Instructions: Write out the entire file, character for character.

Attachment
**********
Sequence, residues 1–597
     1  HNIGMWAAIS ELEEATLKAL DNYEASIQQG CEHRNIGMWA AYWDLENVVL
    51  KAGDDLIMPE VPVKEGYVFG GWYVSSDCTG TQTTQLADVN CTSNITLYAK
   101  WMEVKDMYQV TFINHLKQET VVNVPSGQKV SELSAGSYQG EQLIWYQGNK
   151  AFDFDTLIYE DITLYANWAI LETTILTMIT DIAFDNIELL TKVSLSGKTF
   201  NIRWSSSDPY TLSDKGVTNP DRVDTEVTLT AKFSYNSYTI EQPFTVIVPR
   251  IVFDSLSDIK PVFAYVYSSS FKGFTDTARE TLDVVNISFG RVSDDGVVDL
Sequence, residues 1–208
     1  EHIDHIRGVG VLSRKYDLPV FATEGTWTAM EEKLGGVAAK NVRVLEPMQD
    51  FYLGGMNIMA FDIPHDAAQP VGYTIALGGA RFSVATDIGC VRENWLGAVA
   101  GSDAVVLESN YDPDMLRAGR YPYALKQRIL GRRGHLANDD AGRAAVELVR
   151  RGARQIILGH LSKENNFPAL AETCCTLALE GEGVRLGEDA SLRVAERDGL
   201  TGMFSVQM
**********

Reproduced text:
Sequence, residues 1–597
     1  HNIGMWAAIS ELEEATLKAL DNYEASIQQG CEHRNIGMWA AYWDLENVVL
    51  KAGDDLIMPE VPVKEGYVFG GWYVSSDCTG TQTTQLADVN CTSNITLYAK
   101  WMEVKDMYQV TFINHLKQET VVNVPSGQKV SELSAGSYQG EQLIWYQGNK
   151  AFDFDTLIYE DITLYANWAI LETTILTMIT DIAFDNIELL TKVSLSGKTF
   201  NIRWSSSDPY TLSDKGVTNP DRVDTEVTLT AKFSYNSYTI EQPFTVIVPR
   251  IVFDSLSDIK PVFAYVYSSS FKGFTDTARE TLDVVNISFG RVSDDGVVDL
Sequence, residues 1–208
     1  EHIDHIRGVG VLSRKYDLPV FATEGTWTAM EEKLGGVAAK NVRVLEPMQD
    51  FYLGGMNIMA FDIPHDAAQP VGYTIALGGA RFSVATDIGC VRENWLGAVA
   101  GSDAVVLESN YDPDMLRAGR YPYALKQRIL GRRGHLANDD AGRAAVELVR
   151  RGARQIILGH LSKENNFPAL AETCCTLALE GEGVRLGEDA SLRVAERDGL
   201  TGMFSVQM